Jesus apparently wasn’t interested in marketing himself to the masses. His invitations to potential followers were clearly more costly than the crowds were ready to accept, and he seemed to be okay with that. He focused instead on the few who believed him when he said radical things. And through their radical obedience to him, he turned the course of history in a new direction.
I could not help but think that somewhere along the way we had missed what is radical about our faith and replaced it with what is comfortable. We were settling for a Christianity that revolves around catering to ourselves when the central message of Christianity is actually about abandoning ourselves.
We are giving in to the dangerous temptation to take the Jesus of the Bible and twist him into a version of Jesus we are more comfortable with. A nice, middle-class, American Jesus. A Jesus who doesn’t mind materialism and who would never call us to give away everything we have. A Jesus who would not expect us to forsake our closest relationships so that he receives all our affection. A Jesus who is fine with nominal devotion that does not infringe on our comforts, because, after all, he loves us just the way we are. A Jesus who wants us to be balanced, who wants us to avoid dangerous extremes, and who, for that matter, wants us to avoid danger altogether. A Jesus who brings us comfort and prosperity as we live out our Christian spin on the American dream.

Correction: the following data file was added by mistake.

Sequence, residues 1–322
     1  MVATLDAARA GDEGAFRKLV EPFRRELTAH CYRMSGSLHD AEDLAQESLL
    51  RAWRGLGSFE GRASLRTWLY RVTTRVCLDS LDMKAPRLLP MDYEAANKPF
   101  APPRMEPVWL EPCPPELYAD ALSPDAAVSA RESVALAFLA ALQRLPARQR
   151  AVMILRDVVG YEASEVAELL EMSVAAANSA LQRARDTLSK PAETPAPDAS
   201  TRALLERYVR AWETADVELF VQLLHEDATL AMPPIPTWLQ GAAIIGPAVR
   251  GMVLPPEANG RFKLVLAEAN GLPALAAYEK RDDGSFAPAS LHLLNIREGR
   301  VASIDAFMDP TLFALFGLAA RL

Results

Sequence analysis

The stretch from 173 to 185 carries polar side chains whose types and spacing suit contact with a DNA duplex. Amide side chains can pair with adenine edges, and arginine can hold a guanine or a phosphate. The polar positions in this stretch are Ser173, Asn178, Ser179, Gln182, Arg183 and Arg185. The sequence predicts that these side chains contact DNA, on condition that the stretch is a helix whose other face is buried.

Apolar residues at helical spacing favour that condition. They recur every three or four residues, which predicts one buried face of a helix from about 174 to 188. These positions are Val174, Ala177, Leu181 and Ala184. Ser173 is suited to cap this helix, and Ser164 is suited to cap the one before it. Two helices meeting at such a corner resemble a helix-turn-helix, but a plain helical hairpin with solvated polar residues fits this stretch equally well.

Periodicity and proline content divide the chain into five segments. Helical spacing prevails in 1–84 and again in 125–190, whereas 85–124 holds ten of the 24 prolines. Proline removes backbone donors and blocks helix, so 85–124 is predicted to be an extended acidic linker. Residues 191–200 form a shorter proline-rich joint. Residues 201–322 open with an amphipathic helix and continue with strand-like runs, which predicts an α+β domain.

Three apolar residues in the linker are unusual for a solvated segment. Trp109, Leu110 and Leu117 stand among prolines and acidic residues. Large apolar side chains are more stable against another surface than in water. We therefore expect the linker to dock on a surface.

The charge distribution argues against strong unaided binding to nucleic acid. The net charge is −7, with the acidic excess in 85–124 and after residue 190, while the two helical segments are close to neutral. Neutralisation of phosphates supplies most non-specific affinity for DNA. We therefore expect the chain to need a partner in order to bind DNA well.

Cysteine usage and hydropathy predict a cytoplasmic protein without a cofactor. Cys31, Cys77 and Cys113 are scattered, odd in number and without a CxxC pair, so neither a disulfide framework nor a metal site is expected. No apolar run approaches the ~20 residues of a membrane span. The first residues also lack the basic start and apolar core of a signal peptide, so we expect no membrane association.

“When Christ calls a man, he bids him come and die.” Dietrich Bonhoeffer
Wake up. Wake up and realize that there are infinitely more important things in your life than football and a 401K. Wake up and realize there are real battles to be fought, so different from the superficial, meaningless “battles” you focus on.
Do we really believe he is worth abandoning everything for? Do you and I really believe that Jesus is so good, so satisfying, and so rewarding that we will leave all we have and all we own and all we are in order to find our fullness in him?
The goal of the American dream is to make much of us; the goal of the gospel is to make much of God.
In direct contradiction to the American dream, God actually delights in exalting our inability. He intentionally puts his people in situations where they come face to face with their need for him. In the process he powerfully demonstrates his ability to provide everything his people need in ways they could never have mustered up or imagined. And in the end, he makes much of his own name.
The reality is that it doesn’t matter how many resources the church has. The church I lead could have all the man-made resources that one could imagine, but apart from the power of the Holy-Spirit, such a church will do nothing of significance for the glory of God.
In fact, I believe the opposite is true. The church I lead could have the least gifted people, the least talented people, the fewest leaders, and the least money, and this church under the power of the Holy Spirit could still shake the nations for his glory. The reality is that the church I lead can accomplish more during the next month in the power of God’s spirit than we can in the next hundred years apart from his provisions. His power is so superior to ours. Why do we not desperately seek it?
Think about it. Would you say that your life is marked right now by desperation for the Spirit of God? Would you say that the church you are a part of is characterized by this sense of desperation? Why would we ever want to settle for Christianity according to our ability or settle for church according to our resources?
Most Christians rarely share the gospel, and most Christians’ schedules are not heavily weighted to feeding the hungry, helping the sick, and strengthening the church in the neediest places in our country.
God asks us, what are we going to do with what He has given us? How are we going to us our influence, our leadership, and our resources in the world around us?